After two straight home runs with my Pumpkin Ale and Slain Trolls Blood Coffee Stout (which I’ll review at a later date), I was riding high on my homebrew horse. Well, today I was put back in my place. I’ve managed to recover from a lot of near disasters in my brief homebrewing career, including boil-overs, shattered carboys, forgetting key steps and so-forth. It seems that each brew has its own adventure, but the beer turns out ok. Well, today I felt like a left a soldier down in the field.
This was going to be my first all-grain batch of beer, a hoppy pale ale. I figured that after two years I could easily make the jump. Not so, apparently…
I don’t want to bore you with too much detail about my brewing set-up, so you’ll just have to fill in the blanks if you’re a homebrew expert. One of my big issues is that I really don’t have the proper equipment to make an all-grain batch. Primarily, I don’t have a big enough brew kettle. Mine is only about 5 1/2 gallons, and I need at least a ten gallon. But, I’m resourceful, so I figure I could improvise and make it work.
Anyway, the first nightmare occurred after I mashed the grains and poured them into my lauter tun, which is a jimmy-rigged system consisting of two buckets inside each other, with the interior bucket having a bunch of holes drilled into the bottom. I also attached a spigot to the outer bucket to drain the wort. This system worked like a charm on my coffee stout, which was the first time I’d used it.
Well, after pouring out the grains into the bucket, I noticed that I had burned the ever-living tar out of the bottom of the grains, creating a caramelized crust on the bottom of my brew kettle, which also serves as my mash tun because I am poor. I frantically began trying to clean the brew kettle, having to resort to my Cutco spatula spreader to scrape the bottom, and finally to some copper wool. The bottom of the kettle now looks like it was cleaned by Freddie Kruger.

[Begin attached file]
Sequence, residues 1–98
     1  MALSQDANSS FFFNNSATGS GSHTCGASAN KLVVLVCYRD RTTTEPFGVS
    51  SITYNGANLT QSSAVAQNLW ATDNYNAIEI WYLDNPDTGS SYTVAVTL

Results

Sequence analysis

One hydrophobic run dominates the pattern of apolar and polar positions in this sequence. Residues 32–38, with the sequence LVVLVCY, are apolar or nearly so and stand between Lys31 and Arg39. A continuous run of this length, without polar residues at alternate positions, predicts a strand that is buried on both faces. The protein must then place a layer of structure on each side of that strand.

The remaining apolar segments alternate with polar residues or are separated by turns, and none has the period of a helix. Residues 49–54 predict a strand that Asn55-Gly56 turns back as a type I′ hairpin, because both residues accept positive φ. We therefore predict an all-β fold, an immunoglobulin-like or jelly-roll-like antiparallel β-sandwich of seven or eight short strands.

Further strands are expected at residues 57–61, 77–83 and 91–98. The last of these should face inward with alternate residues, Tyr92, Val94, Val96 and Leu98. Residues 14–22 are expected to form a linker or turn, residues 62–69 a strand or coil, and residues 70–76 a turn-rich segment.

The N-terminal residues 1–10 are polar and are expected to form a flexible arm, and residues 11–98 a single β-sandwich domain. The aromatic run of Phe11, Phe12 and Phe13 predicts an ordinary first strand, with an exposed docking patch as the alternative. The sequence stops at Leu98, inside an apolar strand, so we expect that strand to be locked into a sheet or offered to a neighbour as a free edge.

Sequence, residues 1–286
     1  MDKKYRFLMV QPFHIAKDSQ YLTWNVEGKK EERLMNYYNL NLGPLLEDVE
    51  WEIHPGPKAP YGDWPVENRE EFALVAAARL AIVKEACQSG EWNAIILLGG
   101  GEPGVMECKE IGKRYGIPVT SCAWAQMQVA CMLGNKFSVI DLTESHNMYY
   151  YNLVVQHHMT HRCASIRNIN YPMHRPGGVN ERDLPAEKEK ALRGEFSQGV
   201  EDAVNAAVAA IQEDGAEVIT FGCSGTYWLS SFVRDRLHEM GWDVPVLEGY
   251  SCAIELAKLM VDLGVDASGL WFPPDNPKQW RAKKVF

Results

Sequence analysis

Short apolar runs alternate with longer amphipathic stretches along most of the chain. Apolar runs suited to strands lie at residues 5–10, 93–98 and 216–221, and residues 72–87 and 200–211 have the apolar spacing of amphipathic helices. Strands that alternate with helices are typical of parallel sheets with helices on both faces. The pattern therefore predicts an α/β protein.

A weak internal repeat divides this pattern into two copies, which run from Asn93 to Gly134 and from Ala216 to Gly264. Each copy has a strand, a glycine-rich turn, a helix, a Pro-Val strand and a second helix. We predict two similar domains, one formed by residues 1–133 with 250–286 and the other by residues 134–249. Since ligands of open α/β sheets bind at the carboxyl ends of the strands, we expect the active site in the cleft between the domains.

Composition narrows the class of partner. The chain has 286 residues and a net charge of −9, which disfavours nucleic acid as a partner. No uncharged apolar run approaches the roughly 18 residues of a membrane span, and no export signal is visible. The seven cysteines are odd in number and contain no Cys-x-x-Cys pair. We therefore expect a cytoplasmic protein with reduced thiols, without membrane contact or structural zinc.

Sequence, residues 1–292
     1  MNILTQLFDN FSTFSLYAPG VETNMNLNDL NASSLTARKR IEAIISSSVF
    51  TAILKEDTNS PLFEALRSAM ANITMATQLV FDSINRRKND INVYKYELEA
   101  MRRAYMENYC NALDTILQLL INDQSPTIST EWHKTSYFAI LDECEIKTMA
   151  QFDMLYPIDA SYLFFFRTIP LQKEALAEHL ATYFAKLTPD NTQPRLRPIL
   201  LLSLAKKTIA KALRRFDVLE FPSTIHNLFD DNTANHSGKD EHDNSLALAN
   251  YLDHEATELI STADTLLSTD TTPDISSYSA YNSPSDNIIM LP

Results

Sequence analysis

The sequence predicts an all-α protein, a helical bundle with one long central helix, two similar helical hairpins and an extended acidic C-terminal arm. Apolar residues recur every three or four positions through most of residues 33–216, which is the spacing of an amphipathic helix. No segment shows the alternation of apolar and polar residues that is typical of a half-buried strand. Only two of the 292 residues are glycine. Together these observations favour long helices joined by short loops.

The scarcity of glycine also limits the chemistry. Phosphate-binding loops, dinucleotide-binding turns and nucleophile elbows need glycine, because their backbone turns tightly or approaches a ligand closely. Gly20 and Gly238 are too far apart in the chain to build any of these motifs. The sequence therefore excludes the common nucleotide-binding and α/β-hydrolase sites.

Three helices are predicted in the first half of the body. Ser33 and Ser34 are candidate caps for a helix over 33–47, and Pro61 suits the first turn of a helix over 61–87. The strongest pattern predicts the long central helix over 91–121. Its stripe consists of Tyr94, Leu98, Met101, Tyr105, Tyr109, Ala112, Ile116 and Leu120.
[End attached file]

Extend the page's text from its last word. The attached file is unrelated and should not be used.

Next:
Meanwhile, the grains were sitting in the lauter tun for about 30 minutes while I tried to scrape the kettle. In that time, the grains must have cooked into oatmeal, because when I tried to drain the lauter tun, it of course got clogged. I twice tried to pour out the grain, unclog the bucket, and run the water through again, but it was no use. It would not drain.
By this time I figured that I had probably oxidized my wort too much with all the back and forth, and there was a lot of visible sediment in the wort that was draining off. I think that a contributing factor to the clogging problem was that my grain was milled too finely. I used a different source to mill my grain, and I had a strange feeling when saw it come out of the mill, like there was too much dust and fine powder in the result. I just chalked it up to my ignorance, so I naively went along.
My first brewing casualty. May it rest in peace.
It came time to make an executive decision, and I chose to cut my losses and stop before it got worse. I didn’t want to waste $20 in hops and some very special yeast that was given to me, not to mention several more hours of effort, and risk that I might waste it on terrible beer. It was a tough decision, but I need to regroup and try again.
I just ordered a new batch of grains which will hopefully arrive by the weekend so I can try again. It’s been a very discouraging day, but I am ready to try again. I’m not really sure what the lesson is, but if this happens again next time, I’m going to have to reevaluate my life.